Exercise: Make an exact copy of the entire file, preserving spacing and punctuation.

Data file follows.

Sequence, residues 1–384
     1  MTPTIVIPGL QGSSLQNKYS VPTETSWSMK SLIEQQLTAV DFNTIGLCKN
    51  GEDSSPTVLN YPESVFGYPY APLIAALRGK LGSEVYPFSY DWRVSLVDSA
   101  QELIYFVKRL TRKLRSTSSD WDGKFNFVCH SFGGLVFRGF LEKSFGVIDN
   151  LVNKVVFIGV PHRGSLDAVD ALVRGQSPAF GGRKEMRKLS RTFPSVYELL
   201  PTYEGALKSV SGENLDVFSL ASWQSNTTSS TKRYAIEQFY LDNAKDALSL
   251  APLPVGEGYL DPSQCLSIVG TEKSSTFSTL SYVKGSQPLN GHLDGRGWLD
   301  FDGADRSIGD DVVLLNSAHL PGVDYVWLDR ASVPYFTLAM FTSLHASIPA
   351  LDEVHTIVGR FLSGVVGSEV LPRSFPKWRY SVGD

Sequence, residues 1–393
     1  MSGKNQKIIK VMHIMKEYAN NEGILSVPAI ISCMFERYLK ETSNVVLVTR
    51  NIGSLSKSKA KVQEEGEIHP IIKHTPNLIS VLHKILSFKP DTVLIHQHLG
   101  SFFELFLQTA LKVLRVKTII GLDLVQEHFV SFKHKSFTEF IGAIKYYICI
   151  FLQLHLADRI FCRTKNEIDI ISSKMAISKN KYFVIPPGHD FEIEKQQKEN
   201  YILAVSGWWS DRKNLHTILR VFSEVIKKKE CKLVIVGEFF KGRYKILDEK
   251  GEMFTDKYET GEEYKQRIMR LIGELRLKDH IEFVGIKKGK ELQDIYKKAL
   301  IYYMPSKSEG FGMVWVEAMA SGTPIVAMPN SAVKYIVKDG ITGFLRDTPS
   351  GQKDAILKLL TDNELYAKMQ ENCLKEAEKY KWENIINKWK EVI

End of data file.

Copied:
Sequence, residues 1–384
     1  MTPTIVIPGL QGSSLQNKYS VPTETSWSMK SLIEQQLTAV DFNTIGLCKN
    51  GEDSSPTVLN YPESVFGYPY APLIAALRGK LGSEVYPFSY DWRVSLVDSA
   101  QELIYFVKRL TRKLRSTSSD WDGKFNFVCH SFGGLVFRGF LEKSFGVIDN
   151  LVNKVVFIGV PHRGSLDAVD ALVRGQSPAF GGRKEMRKLS RTFPSVYELL
   201  PTYEGALKSV SGENLDVFSL ASWQSNTTSS TKRYAIEQFY LDNAKDALSL
   251  APLPVGEGYL DPSQCLSIVG TEKSSTFSTL SYVKGSQPLN GHLDGRGWLD
   301  FDGADRSIGD DVVLLNSAHL PGVDYVWLDR ASVPYFTLAM FTSLHASIPA
   351  LDEVHTIVGR FLSGVVGSEV LPRSFPKWRY SVGD

Sequence, residues 1–393
     1  MSGKNQKIIK VMHIMKEYAN NEGILSVPAI ISCMFERYLK ETSNVVLVTR
    51  NIGSLSKSKA KVQEEGEIHP IIKHTPNLIS VLHKILSFKP DTVLIHQHLG
   101  SFFELFLQTA LKVLRVKTII GLDLVQEHFV SFKHKSFTEF IGAIKYYICI
   151  FLQLHLADRI FCRTKNEIDI ISSKMAISKN KYFVIPPGHD FEIEKQQKEN
   201  YILAVSGWWS DRKNLHTILR VFSEVIKKKE CKLVIVGEFF KGRYKILDEK
   251  GEMFTDKYET GEEYKQRIMR LIGELRLKDH IEFVGIKKGK ELQDIYKKAL
   301  IYYMPSKSEG FGMVWVEAMA SGTPIVAMPN SAVKYIVKDG ITGFLRDTPS
   351  GQKDAILKLL TDNELYAKMQ ENCLKEAEKY KWENIINKWK EVI